By J. Peder Zane
Don Quixote has been challenging my honor for decades.
“You want the world to think you are well-read, a true Señor of letters,” he admonished each time I looked up at him on the shelf. “You may even believe it yourself. Yet here I sit, my spine miraculously strong and stiff; a joke you would appreciate if you knew me.”
Once I reminded him that I had read the first 75 of his 940 pages – which is actually two books for goodness sake. Big mistake: “Then you, sir, are both a fraud and a quitter.”
As he spat those words, I heard his fellow guilt trippers, Andrew Bolkonski and Dorthea Brooke, snickering.
Funny how the mind enables us to think so well of ourselves – and expect others to do the same – despite our secrets. Our ability to make ourselves the hero of our own story is almost limitless.
And yet, for all our creative energies, reality (that which exists no matter what we think about it) persists. And insists.
When the inconvenient truth of the coronavirus began to bite back in March I had just finished Mark Helprin’s superb novel, “Memoir from Antproof Case.” I was feeling fine but, like a hanging, a global pandemic concentrates the mind. So as I asked the reader’s favorite question – what’s next? – a small part of me thought, what if this is it?
So I pulled down “Don Quixote” and sat up in my chair. I knew I had to be disciplined this time, so I set a minimum of 100 pages a day. I promised myself I wouldn’t tell anybody until I was at least half-way through. Believe me, that wasn’t easy. Oh the pleasure of saying/hearing, Me? I’m reading “Quixote.”
Naturally, I had high expectations. Cervantes’ masterpiece is widely considered the first modern novel and Harold Bloom’s introduction to Edith Grossman’s translation argued it had no rival save “Hamlet.”
Still, it was tough sledding at first because “Quixote” is not quite like other modern novels, which is probably why I had abandoned it before. The set-up is clear enough: “Don Quixote” is the story of a middle-aged man who has made the silly mistake of believing what he reads – in his case fantastic tales of chivalrous knights who slay countless wrongdoers in the name of the women they love. And so our eponymous hero sets out, with his trusty steed Rocinante and his hilarious manservant Sancho Panza, to revive that grand tradition of knight errantry by righting wrongs across Spain.
The novel describes their long string of misadventures with dozens of fleeting figures – innkeepers and maidens, barbers, aristocrats, priests, scoundrels, innocents and yes, a few windmills – who vanish as quickly as they appear. Don’t bother trying to remember anyone’s name.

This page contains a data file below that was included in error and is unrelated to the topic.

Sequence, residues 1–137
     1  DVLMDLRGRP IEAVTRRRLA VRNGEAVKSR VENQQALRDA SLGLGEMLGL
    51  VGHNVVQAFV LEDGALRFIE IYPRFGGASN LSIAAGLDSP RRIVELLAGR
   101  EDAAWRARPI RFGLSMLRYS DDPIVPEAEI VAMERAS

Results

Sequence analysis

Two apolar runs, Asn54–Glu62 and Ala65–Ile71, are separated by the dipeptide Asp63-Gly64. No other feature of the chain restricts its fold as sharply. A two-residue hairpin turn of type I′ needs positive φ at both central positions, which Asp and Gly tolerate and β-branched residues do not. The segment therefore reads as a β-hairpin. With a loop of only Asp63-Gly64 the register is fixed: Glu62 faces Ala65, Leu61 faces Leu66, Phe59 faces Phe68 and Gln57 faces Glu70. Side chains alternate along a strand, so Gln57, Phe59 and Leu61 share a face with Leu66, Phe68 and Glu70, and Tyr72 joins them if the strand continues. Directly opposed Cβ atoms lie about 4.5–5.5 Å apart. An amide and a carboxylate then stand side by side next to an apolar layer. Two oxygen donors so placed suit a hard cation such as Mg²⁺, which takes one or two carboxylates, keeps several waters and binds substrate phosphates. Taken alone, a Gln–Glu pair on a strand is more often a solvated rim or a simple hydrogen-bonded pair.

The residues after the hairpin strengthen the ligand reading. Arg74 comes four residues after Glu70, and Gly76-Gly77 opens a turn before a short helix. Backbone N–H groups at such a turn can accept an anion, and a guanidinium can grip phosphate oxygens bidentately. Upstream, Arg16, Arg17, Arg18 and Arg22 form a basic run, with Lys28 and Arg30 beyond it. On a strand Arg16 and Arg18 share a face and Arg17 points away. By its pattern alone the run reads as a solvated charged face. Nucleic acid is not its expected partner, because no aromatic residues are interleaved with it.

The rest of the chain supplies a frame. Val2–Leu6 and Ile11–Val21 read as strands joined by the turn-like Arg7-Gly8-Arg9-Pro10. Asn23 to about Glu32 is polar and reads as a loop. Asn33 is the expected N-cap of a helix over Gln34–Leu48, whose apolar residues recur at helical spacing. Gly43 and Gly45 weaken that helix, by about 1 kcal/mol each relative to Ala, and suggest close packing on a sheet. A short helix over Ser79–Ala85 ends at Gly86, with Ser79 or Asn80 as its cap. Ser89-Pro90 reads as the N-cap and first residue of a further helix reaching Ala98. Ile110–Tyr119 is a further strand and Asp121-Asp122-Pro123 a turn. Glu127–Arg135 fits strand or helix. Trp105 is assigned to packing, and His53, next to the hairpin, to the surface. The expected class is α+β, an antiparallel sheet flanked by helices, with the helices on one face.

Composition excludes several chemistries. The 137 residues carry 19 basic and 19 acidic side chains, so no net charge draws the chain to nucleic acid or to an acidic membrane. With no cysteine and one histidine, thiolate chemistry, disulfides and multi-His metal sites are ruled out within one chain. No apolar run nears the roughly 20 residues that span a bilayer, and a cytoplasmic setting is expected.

Most of the scenes do have one thing in common – they begin with Quixote’s intent to demonstrate his courage and end in his physical abuse and emotional humiliation. He and Sancho set a record for enduring and then bouncing back from savage beatings.
It is hard to see the narrative glue holding together these encounters – much less the many interludes detailing the back stories of various characters as well as the plot of a novel that has nothing to do with our protagonists. One thing just seems to happen after another; the chapters, which run about 10 pages, could be arranged in almost any order. (I’m guessing scholars will tell me I’m all wet; I can only offer the testimony of one common reader.).
Indeed, while “Quixote” has become synonymous with the idea of a quest, its characters do not have a specific aim – except for our hero’s to enact his grand illusions. It is a picaresque novel but unlike, say, “Huckleberry Finn,” the main characters do not have an identifiable obstacle (slavery) or a goal (Jim’s freedom).
I never felt I was losing the narrative thread because there didn’t seem to be one – to follow, or hold on to.
Such uncertainty presents difficulties – not the least of which is the temptation to impose a predictable order, a familiar logic, that isn’t there.
My dis-ease never disappeared but, somewhere around page 200, I stopped caring – stopped looking for what I expected to find – and just surrendered to the novel. I imagined myself sitting by a campfire as Cervantes regaled me through the night with tales that belonged in the book simply because they were spellbindingly entertaining. Evidently, Cervantes was a failed playwright who hadn’t published much of anything in the decades before the first book (1605); it feels like he was plenty busy during that time and that he crammed this book with his unpublished tales.
As the pages moved, then flowed, then flew by, a unifying theme emerged – the tension between reality and beliefs/ideals. It is clear from the start that Quixote is delusional but not necessarily insane. When he is not talking about knight errantry, he is down-right brilliant. Especially given that Spain was not far out of the Inquisition’s grip, Quixote’s arguments for tolerance, compassion and relative equality are downright visionary.